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Our Dynamic Earth is “an amazing adventure” and “an interactive journey” which they keep in a big tent around the back of the Scottish parliament. This part of the city seems fresh and spacious and faintly eerie. Members of the public can air themselves like lizards on the steps of the pristine amphitheatre which decorates the entrance to Our Dynamic Earth, or they can plant themselves beside one of those inch-deep artificial lakes outside the parliament, nurturing a cappuccino, perhaps munching on a panini, gazing around blankly and reflecting upon how they came to be abandoned in this empty futuristic cityscape.

“Welcome citizen of utopia!,” Our Dynamic Earth seems to proclaim, “come inside our cool tent and feed your twenty-first century mind with science.” Actually, Dynamic Earth has particularly assumed the remit of making science “fun, exciting and engaging” for children, which implicitly concedes that it isn’t really and hence that it needs Dynamic Earth to volunteer as an advertising agency on its behalf. Oceanography is not interesting in itself; it needs to be made interesting by this interactive corporate presentation. But good luck to them! – there is no need to be unkind – I hope that they brainwash thousands of schoolchildren with a wonder for science, producing a raring new generation of engineers and revolutionary inventers.

I am here to see a piece of the moon. Fortunately, I have already professed my complete disinterest in Dynamic Earth to the young man on the door, and he has confided that the NASA lunar sample is being displayed as part of a separate show for children, and that they would surely let me have a little peep at it, even though I do not have a ticket for the main Dynamic Earth tour. I should point out that this does not appear to be strictly allowed – the lunar sample is solely “Open to all Dynamic Earth ticket holders” – but if you want a handy Tourist Review tip, it is pretty easy to bluff your way in the direction of the moon rock.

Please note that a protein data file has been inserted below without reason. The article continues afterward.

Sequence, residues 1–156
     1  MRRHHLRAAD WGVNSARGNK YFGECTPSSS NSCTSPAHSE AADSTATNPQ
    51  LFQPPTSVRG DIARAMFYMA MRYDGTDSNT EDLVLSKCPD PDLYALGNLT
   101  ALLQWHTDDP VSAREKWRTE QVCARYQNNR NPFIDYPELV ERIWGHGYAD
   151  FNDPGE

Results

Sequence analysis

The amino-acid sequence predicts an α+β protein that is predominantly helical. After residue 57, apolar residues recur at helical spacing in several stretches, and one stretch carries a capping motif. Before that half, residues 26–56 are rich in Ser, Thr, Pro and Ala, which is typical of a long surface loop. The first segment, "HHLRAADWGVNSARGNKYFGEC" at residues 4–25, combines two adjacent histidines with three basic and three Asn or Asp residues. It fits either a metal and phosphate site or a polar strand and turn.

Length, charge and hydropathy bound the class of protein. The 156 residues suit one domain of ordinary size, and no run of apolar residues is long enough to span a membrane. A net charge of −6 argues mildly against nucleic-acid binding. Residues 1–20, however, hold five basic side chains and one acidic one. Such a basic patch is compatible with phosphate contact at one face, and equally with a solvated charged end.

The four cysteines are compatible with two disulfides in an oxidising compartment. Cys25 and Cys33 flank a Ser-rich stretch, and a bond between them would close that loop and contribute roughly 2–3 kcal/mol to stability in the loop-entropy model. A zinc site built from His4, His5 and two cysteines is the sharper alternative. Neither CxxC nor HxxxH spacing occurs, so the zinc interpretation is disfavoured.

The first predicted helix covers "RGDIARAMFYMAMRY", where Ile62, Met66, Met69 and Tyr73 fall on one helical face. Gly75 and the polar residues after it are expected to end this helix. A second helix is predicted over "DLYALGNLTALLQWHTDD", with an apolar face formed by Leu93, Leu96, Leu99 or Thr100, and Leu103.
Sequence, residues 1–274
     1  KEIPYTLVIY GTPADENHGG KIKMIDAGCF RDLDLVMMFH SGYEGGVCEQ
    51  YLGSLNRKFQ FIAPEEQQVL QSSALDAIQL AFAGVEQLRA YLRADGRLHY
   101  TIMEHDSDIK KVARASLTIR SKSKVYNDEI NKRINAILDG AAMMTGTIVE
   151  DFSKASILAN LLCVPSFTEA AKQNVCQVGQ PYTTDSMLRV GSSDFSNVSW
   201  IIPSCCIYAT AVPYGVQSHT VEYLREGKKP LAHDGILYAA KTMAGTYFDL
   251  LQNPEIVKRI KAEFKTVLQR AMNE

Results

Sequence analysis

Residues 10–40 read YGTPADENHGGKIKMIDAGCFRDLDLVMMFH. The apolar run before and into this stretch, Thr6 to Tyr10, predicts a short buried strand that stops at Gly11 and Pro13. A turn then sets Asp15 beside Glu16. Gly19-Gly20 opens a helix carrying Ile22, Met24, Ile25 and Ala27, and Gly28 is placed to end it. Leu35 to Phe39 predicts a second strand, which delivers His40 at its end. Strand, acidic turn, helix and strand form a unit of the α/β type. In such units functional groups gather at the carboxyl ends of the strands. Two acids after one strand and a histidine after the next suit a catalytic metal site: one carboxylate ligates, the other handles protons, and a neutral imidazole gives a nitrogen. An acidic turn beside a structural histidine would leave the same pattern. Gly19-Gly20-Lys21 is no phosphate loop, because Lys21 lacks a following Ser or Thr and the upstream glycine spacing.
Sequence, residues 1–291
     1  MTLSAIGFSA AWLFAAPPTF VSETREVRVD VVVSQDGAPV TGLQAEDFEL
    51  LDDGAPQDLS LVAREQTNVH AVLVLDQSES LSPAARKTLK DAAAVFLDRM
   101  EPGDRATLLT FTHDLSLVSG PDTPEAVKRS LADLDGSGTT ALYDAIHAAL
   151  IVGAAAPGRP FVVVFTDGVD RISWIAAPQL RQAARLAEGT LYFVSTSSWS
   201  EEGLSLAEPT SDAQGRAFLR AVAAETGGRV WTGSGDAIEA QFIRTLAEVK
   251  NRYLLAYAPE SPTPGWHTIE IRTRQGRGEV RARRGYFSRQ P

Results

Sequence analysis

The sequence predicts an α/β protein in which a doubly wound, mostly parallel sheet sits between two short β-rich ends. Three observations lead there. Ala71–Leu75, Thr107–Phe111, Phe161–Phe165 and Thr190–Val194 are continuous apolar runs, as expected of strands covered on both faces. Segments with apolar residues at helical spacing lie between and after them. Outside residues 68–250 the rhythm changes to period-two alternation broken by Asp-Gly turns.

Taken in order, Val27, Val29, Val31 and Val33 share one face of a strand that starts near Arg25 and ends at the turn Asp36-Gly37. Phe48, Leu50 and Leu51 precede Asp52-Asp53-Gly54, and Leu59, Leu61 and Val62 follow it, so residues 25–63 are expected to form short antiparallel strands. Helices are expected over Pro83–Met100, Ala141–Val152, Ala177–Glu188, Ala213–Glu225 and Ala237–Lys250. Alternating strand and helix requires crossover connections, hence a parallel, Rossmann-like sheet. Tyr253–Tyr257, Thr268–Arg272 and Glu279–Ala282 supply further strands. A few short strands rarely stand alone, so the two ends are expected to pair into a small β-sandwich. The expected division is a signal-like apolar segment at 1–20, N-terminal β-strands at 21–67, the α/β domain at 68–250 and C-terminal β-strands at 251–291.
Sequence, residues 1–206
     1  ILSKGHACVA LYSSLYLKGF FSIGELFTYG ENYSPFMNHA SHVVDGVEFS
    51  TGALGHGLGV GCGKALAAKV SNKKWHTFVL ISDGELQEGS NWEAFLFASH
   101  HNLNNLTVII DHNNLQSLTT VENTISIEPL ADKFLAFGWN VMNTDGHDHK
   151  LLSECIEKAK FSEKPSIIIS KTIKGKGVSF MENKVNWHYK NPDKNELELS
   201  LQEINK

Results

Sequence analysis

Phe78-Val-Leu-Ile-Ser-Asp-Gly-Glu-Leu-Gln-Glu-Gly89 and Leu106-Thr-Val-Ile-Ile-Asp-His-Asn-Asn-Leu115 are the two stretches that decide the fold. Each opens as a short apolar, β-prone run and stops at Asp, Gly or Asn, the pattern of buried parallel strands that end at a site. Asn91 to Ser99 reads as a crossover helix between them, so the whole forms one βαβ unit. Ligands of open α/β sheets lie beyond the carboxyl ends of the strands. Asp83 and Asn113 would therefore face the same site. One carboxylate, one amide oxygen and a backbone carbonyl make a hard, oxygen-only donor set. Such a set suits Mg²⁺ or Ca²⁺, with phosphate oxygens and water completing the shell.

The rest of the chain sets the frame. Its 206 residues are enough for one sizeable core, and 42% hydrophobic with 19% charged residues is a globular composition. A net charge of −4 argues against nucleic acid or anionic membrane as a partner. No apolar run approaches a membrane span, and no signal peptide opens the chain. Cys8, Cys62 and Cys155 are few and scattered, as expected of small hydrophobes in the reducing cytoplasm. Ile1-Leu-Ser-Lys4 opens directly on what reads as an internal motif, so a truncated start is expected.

The lunar sample is being displayed in a little gazebo, the fun baby brother of the important big tent. The girl on this door insinuates that I should really know better – the astronaut challenge is meant for children – and I resist the temptation to explain that children are extremely stupid and that all of this is wasted on them. But the moon rock is waiting over there, and I can just go and look at it if I want. So I cut through the crap and get straight to the lunar sample.

But is this it? I had imagined that it would be put on show like the Arc of the Covenant, reposing on a gold plinth behind lasers and bulletproof glass, resplendently lit and protected by a team of NASA elite bodyguards. But there is instead a bunch of rocks lying on a table, each with a postcard attached to explain what they are.